While the age of injuries and lesions can indicate whether they occurred on farm or during transport and lairage, determining the age of an injury is not always easy. The colour of lesions and bruises can provide an estimate, with fresh scratches (one hour) appearing redder and darker than old scratches (four hours or more). While bruises will turn brown over time, a precise estimate of their age is difficult without histologically examining the tissues.

As it can be more difficult to determine the age of bruises, it is harder to attribute them to farm or transport sources. One method for determining their source is to compare the rate of bruising between batches of pigs. If the bruising is occurring on farm or during transport, the number of bruises will vary between different farms or transporters. If the bruising is occurring at the abattoir, all batches will have similar rates of bruising.

While the information collected from pigs post-slaughter cannot be used to improve their own welfare, it can be used to improve the welfare of other pigs coming from the same farm or transport operator. Monitoring pig welfare on a large scale would allow the creation of benchmarks for the various welfare indicators that could be shared with farmers. This would allow farmers to compare the welfare of their pigs to those on other farms, which could then provide an incentive for improvement if they were underperforming. As Temple Grandin, professor of animal science at Colorado State University, is fond of saying: we manage what we measure. In addition, receiving a report on the welfare indicators for each batch of pigs would allow farmers to track whether the changes they were making on farm were leading to measurable improvements in their pigs at the abattoir.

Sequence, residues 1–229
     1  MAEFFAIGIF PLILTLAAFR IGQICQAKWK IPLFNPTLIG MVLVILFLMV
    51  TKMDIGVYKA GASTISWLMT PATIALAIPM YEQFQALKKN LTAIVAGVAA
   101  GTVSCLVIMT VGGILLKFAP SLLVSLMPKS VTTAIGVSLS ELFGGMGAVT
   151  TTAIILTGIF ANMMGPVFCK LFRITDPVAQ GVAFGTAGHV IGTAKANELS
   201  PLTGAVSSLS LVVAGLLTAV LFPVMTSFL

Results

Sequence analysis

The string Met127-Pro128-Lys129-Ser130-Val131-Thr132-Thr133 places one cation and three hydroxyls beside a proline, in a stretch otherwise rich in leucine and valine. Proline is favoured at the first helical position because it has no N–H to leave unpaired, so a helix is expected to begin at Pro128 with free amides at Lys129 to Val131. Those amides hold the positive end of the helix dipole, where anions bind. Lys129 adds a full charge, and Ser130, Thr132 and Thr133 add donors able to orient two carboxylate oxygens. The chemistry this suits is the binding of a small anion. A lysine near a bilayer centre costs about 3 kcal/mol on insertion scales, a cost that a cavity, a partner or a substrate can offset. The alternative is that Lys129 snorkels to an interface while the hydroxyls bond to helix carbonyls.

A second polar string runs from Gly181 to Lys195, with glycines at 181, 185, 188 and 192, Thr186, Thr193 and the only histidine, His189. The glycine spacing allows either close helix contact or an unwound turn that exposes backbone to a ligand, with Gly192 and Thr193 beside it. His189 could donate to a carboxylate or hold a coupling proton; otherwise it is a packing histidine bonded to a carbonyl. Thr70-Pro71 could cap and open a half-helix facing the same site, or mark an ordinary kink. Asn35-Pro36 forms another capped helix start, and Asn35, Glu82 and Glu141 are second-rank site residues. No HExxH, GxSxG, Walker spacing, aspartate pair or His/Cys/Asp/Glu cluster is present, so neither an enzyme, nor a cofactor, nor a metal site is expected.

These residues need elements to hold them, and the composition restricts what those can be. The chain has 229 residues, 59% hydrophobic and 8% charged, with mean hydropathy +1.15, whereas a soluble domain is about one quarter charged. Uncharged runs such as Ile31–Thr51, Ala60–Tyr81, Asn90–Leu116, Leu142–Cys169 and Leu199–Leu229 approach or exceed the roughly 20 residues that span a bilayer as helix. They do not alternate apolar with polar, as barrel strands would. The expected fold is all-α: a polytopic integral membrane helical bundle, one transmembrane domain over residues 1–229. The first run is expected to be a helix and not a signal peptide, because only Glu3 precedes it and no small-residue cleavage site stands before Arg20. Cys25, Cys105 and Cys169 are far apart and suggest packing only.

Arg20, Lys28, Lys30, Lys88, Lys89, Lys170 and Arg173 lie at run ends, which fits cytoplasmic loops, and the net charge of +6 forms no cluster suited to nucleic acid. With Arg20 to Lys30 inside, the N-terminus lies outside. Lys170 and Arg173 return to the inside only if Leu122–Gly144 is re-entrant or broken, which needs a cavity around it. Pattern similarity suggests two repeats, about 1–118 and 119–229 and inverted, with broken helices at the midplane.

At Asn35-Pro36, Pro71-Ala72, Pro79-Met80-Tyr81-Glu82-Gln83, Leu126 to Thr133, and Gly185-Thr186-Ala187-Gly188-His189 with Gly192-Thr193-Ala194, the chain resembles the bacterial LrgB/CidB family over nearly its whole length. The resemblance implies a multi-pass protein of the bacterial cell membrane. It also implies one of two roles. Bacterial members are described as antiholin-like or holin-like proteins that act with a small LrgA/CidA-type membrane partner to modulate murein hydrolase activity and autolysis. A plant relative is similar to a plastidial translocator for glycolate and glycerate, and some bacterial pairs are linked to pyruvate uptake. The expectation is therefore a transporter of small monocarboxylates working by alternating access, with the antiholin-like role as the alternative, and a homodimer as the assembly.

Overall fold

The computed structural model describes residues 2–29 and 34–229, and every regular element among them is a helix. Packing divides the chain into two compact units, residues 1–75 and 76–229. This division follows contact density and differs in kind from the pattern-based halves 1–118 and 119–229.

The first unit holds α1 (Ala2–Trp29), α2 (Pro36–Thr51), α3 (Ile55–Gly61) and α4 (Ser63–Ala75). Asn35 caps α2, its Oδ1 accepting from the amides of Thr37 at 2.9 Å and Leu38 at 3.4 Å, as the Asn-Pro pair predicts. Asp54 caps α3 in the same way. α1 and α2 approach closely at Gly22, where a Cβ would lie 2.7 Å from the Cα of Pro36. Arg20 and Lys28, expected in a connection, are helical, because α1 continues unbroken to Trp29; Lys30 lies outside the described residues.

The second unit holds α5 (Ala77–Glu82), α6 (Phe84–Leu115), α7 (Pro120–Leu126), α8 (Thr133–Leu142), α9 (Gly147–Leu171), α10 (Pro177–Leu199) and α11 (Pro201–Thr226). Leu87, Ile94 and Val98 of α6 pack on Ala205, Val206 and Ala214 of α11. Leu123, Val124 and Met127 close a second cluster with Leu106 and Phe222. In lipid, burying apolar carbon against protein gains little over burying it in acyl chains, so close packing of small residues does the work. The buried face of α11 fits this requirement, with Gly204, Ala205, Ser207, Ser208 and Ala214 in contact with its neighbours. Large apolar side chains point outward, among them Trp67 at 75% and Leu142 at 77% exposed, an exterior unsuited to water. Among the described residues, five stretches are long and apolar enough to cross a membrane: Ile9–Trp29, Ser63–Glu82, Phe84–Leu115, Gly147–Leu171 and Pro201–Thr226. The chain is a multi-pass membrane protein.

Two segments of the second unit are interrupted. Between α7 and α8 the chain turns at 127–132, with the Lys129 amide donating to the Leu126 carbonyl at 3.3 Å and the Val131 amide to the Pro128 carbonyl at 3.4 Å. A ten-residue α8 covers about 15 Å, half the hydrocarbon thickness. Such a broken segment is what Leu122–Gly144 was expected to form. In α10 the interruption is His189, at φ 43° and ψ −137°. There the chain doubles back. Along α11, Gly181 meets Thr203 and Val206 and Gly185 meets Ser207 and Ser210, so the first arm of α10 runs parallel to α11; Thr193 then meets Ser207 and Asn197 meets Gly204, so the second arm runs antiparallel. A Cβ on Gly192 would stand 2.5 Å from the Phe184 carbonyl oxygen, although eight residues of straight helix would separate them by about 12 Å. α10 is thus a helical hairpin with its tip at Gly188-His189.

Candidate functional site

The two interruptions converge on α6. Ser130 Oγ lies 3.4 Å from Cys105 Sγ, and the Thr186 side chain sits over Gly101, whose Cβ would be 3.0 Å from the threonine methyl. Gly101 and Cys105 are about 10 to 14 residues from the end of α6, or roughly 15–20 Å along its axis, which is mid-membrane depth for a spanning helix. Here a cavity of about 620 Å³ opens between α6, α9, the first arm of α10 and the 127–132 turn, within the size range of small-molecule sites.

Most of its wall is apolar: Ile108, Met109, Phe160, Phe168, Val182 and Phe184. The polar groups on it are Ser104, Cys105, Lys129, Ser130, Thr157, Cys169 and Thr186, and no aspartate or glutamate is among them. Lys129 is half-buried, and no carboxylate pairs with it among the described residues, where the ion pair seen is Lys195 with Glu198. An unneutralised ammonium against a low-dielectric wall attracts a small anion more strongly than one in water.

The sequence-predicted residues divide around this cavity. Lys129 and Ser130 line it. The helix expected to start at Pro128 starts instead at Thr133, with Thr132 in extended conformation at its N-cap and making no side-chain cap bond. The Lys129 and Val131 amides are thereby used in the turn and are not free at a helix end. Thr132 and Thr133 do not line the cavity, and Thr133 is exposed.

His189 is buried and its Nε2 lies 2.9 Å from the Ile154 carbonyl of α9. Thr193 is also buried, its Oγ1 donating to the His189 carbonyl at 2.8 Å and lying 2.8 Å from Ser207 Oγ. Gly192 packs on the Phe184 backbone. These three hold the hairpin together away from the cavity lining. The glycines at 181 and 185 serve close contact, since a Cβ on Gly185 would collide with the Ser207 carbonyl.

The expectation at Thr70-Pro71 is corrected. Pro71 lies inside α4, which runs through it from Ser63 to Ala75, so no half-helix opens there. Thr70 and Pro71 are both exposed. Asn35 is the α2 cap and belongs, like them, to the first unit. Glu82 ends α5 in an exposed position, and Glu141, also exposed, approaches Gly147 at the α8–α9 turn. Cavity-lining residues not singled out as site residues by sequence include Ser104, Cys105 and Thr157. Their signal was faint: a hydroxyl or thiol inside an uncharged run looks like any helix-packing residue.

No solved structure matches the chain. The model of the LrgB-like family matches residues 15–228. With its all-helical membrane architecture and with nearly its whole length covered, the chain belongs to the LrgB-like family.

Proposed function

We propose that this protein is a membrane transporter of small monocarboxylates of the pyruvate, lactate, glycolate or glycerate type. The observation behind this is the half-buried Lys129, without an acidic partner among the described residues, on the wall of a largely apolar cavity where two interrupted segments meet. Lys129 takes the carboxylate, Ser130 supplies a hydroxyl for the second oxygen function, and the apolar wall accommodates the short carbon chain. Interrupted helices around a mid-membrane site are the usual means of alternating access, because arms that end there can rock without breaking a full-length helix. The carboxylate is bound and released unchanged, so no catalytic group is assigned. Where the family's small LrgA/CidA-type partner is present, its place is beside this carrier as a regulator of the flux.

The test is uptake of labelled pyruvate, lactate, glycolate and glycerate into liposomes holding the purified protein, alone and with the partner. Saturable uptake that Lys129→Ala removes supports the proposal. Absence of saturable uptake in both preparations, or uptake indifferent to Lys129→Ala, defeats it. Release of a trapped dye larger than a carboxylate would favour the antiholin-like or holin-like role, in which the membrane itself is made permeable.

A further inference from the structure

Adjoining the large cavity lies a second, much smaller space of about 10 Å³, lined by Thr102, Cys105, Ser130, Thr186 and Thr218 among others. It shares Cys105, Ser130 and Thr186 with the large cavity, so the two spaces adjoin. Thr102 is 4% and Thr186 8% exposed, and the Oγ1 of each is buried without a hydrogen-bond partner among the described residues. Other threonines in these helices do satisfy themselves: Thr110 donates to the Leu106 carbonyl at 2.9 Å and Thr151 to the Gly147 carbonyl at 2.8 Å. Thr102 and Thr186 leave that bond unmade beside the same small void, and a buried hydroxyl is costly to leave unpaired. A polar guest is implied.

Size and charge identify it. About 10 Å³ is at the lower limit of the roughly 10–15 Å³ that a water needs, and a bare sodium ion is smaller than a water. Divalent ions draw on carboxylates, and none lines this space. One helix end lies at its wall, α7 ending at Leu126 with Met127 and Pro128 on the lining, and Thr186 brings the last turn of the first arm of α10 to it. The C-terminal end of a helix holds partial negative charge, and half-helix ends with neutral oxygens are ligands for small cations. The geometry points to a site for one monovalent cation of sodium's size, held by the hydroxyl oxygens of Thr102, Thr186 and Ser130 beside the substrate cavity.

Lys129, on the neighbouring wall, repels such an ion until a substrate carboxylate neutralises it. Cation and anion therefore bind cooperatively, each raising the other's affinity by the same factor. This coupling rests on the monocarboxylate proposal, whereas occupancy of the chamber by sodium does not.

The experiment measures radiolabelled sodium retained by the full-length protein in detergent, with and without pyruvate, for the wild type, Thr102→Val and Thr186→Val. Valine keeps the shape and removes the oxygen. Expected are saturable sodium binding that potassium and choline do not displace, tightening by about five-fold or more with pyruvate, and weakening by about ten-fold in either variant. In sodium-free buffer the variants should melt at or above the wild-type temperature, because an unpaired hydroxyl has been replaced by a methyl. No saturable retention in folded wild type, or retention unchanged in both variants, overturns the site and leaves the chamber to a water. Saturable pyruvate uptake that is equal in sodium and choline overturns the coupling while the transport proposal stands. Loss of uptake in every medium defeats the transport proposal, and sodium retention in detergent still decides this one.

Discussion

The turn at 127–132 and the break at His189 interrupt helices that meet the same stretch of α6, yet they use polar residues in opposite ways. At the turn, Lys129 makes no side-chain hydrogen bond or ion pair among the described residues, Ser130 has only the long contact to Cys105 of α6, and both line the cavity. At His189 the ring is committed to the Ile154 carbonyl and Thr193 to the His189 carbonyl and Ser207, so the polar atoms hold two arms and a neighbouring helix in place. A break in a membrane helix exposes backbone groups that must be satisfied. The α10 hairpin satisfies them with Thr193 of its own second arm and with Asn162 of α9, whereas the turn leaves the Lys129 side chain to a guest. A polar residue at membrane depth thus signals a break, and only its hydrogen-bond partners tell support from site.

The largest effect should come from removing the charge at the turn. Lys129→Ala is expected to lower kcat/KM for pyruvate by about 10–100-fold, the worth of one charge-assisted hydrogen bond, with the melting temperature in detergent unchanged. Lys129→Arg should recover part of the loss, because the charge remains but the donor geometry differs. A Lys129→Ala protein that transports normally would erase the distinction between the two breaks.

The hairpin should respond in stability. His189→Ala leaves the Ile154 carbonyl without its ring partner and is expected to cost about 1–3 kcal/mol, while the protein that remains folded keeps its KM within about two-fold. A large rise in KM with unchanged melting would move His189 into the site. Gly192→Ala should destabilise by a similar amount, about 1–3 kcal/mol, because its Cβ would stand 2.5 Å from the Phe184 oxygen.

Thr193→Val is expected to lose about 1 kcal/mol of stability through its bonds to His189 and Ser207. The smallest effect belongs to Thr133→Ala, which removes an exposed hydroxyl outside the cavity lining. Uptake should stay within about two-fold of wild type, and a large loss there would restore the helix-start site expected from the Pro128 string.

pig processing line where employees are butchering pig carcasses
While several carcass traits have been related to the housing conditions on farm, there is still a lot of research required to fine tune the inferences that inspectors can make from them

The use of meat inspection data from abattoirs as “iceberg indicators” – using representative samples to draw conclusions about the rearing conditions of much larger animal populations – of pig welfare on farm is far from an exact science, and will never completely replace the need for on-farm welfare assessments. While several carcass traits have been related to the housing conditions on farm, there is still a lot of research required to fine tune the inferences that inspectors can make from them.

For meat-inspection data to provide a reliable monitoring system for pig welfare on farm, a systematic approach and further research is required. However, once the best welfare indicators have been determined, meat-inspection data has great potential for improving pig welfare on a wide scale.

Carroll, G. A., Boyle, L. A., Hanlon, A., Collins, L., Griffin, K., Friel, M., Armstrong, D. & O’Connell, N. E.
(2018) What can carcass-based assessments tell us about the lifetime welfare status of pigs?. Livestock Science 214, 98-105
Grandin, T.
(2017) On-farm conditions that compromise animal welfare that can be monitored at the slaughter plant.. Meat Science 132, 52-58
Harley, S., More, S., Boyle, L., Connell, N. O. & Hanlon, A.
(2012) Good animal welfare makes economic sense: potential of pig abattoir meat inspection as a welfare surveillance tool.. Irish Veterinary Journal 65, 11-11
Heinonen, M., Bergman, P., Fredriksson-Ahomaa, M., Virtala, A. M., Munsterhjelm, C., Valros, A., Oliviero, C., Peltoniemi, O. & Hälli, O.
(2018) Sow mortality is associated with meat inspection findings.. Livestock Science 208, 90-95
Van Staaveren, N., Doyle, B., Manzanilla, E. G., Calderón Díaz, J. A., Hanlon, A. & Boyle, L. A.
(2017) Validation of carcass lesions as indicators for on-farm health and welfare of pigs.. Journal of Animal Science 95, 1528-1536

Dr Lauren Edwards

Lauren completed her PhD in 2009 on the human-animal relationship on caged egg farms, and is currently working at the Animal Welfare Science Centre, University of Melbourne. Her research interests involve using behaviour to assess the welfare of farm animals, particularly chickens, pigs and sheep.